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eeping Fit
 

What About Water Aerobics?

© Wayne L. Westcott PhD

The following is one in an ongoing series of columns entitled Keeping Fit by Wayne L. Westcott PhD. View all columns in series
Dr. Westcott Aerobics is a term coined by Dr. Kenneth Cooper, who also founded the Cooper's Aerobic Center in Dallas, Texas. As it is usually applied, aerobics refers to activities that require sustained periods of large muscle movement such as walking, running, cycling, stepping, swimming, rowing or dancing. Continuous action sports such as basketball, soccer, tennis and handball also qualify as aerobic activities, as do recreational endeavors like hiking, mountain biking and skating.

A newer addition to the list of aerobic activities includes a variety of water exercise programs. Often called water aerobics, these exercise sessions may take many forms, including shallow water or deep water, choreographed or non-choreographed, music or no music, implements or no implements, swimming activities or non-swimming activities, strength training components or no strength training components.

Actually, all movements in water require greater effort than movements on land, because water resistance is much greater than air resistance. To experience this difference first walk across the pool deck, then walk across the pool in waist deep water.

Water is an isokinetic medium that returns force for force in an almost matching manner. That is, if you give a light push against the water you will encounter a light resistance from the water, and if you give a heavy push against the waster you will encounter a heavy resistance from the water. To better understand this characteristic of water, try running across the pool in waist deep water. You will find much greater water resistance when running than walking, and it will take just about the same amount of time to reach the other side.

Another factor related to the isokinetic nature of water exercise is positive resistance in every direction of movement. On land, our muscles resist the force of gravity in both lifting and lowering actions. For example, when we lift a 20-poound weight in the dumbbell curl exercise, our biceps muscles work to overcome gravity. Likewise, when we lower a 20-pound weight in the dumbbell curl exercise, our biceps muscles work to attenuate gravity for a controlled return movement. In water, however, movements are essentially independent from gravity and require only one-way muscle force. In other words, when you stop pushing your hand against the water, the water stops resisting your hand. Unlike lifting weights against qravity, water doe not pull you back to the starting position.

While working out in water is definitely different than exercising on land, it can be a most beneficial and enjoyable training experience. In fact, the differences in performing water aerobics are at least partly responsible for its popularity. Consider how pleasant it can be to exercise in a cool environment that makes it almost impossible to overheat during your activity session. Add to this the variety of positions (vertical, horizontal, etc.) and unlimited movement pattern that can be performed in water, and you have a totally new exercise perspective.

I certainly appreciate the benefits associated with water aerobic, which include cardiovascular endurance, joint flexibility, muscular strength, and calorie utilization. However, my personal experience in this excellent aquatic activity is limited to that of an observer. For this reason, I have asked my fitness associate Tracy D'Arpino to present more specific information on water aerobic training programs. Tracy, my former student intern, has a B.S. degree in Exercise Science from Springfield College and is also a Licensed Physical Therapy Assistant. In addition to directing our Partnership Program for people with disabilities and teaching a variety of fitness programs, she also instructs innovative classes in water exercise.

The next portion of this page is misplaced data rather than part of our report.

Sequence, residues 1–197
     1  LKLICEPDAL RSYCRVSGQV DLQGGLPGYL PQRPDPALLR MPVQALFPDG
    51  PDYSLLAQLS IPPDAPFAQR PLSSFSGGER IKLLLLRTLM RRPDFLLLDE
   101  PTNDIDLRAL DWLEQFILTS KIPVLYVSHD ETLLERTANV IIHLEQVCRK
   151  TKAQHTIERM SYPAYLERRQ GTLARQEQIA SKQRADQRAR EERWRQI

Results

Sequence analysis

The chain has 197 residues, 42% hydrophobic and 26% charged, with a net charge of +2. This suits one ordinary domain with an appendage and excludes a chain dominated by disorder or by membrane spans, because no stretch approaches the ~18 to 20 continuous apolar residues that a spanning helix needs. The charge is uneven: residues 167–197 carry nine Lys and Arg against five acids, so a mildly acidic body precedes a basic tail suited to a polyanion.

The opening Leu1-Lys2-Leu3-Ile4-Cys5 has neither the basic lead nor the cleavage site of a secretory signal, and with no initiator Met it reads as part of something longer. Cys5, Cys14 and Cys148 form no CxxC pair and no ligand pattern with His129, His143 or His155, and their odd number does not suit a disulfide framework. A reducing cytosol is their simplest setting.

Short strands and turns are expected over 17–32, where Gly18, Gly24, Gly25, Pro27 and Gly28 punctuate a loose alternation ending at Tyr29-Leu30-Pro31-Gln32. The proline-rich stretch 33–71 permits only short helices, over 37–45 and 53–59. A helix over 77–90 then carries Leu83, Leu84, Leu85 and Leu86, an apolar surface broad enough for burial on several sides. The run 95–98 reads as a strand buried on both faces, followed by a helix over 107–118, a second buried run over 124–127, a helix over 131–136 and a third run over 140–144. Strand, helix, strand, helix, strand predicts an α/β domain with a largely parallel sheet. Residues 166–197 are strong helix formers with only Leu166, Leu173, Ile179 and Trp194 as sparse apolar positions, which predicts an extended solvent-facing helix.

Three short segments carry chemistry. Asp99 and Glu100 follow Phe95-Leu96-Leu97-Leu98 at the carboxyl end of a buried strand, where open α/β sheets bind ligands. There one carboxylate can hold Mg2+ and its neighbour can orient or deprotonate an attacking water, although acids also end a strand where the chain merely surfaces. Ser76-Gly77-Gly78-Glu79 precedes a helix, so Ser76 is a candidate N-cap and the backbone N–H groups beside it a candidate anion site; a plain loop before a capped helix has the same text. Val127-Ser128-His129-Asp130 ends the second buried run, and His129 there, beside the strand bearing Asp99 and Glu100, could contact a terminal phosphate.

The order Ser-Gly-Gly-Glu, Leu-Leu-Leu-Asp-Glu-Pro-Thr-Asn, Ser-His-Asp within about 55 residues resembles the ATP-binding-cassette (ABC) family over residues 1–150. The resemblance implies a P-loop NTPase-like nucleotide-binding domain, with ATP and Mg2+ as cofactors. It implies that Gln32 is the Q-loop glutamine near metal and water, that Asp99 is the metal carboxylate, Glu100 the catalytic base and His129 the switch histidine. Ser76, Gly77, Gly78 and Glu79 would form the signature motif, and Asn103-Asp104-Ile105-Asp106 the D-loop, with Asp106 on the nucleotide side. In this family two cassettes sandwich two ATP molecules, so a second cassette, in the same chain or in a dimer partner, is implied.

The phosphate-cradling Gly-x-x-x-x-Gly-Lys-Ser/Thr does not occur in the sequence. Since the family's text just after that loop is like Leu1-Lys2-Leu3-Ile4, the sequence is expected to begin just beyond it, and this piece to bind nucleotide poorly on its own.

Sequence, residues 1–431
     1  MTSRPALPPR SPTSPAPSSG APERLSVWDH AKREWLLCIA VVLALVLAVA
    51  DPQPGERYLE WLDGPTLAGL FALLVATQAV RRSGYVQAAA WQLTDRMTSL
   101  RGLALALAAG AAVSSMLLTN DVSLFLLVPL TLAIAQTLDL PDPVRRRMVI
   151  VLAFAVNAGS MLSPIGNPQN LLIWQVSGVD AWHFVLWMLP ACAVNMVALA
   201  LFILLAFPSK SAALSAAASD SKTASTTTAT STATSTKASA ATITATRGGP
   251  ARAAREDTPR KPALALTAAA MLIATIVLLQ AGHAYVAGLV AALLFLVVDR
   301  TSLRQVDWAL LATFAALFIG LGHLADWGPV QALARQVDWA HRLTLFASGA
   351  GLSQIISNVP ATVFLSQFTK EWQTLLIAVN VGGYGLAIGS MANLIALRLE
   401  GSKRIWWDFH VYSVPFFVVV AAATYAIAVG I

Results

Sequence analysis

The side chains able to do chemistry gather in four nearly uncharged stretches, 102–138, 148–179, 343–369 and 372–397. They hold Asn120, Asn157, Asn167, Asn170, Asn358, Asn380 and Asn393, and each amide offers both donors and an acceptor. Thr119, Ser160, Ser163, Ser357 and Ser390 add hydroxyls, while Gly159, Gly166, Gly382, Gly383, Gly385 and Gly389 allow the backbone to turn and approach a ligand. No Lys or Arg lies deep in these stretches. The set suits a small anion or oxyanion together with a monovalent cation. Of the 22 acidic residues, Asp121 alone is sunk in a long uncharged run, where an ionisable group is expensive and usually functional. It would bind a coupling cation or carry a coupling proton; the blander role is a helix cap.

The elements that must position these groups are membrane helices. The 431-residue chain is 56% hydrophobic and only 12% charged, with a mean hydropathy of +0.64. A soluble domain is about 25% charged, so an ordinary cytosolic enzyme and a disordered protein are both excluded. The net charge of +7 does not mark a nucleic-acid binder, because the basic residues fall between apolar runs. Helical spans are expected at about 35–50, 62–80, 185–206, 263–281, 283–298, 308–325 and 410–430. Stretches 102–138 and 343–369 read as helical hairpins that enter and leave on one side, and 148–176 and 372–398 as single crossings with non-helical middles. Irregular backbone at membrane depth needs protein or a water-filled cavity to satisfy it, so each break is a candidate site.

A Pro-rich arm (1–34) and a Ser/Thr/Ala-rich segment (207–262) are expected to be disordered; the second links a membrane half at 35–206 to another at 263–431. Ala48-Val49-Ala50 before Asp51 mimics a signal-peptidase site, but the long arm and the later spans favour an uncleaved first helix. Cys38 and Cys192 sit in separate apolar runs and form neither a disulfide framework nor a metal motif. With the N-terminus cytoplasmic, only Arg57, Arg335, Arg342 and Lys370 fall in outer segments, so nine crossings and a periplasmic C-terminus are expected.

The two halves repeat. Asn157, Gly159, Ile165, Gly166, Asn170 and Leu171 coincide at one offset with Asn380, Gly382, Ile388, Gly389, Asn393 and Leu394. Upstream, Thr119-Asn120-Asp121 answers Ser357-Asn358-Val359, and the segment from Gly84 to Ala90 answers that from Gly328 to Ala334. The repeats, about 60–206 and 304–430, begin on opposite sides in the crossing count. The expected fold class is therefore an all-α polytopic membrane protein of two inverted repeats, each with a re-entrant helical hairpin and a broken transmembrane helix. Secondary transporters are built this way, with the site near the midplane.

A typical water exercise class is 45 minutes to one hour in length. A water aerobics class is designed for all abilities because the water acts as a medium allowing individuals to work as hard or easy as they want utilizing the resistance of the water. Class begins with a ten minute warm-up in chest deep water working the larger muscle groups of the legs and upper body. The workout phase consists of movements to raise heart rate by increasing intensity using both larger and quicker movements in both shallow and deep water. In the deep water we are able to do water running along with other activities allowing the trunk muscles to work as stabilizers. The cool-down phase is the last segment of the class consisting of strength exercises with water dumbbells, water walking, and stretching. Water aerobics can easily be modified for individuals following a rehabilitation program, and is a great way to reduce stress on the joints during productive and purposeful exercise.


Wayne L. Westcott, Ph.D., is fitness research director at the South Shore YMCA in Quincy, MA., and author of several books including the new releases Building Strength and Stamina and Strength Training Past 50.

Tracy D'Arpino, B.S., PTA, is Director of the Partnership Program for people with disabilities and a water aerobics instructor at the South Shore YMCA.

©2001 Wayne L. Westcott, Ph.D. all rights reserved

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About The Author
Wayne L. Westcott, Ph.D., is fitness research director at the South Shore YMCA in Quincy, MA. He is strength training consultant for numerous national organizations, such as the American Council on Exercise, the American Senior Fitness Association, and the National Youth Sports Safety Foundation, and editorial advisor for many publications, including Prevention, Shape, and......more
 
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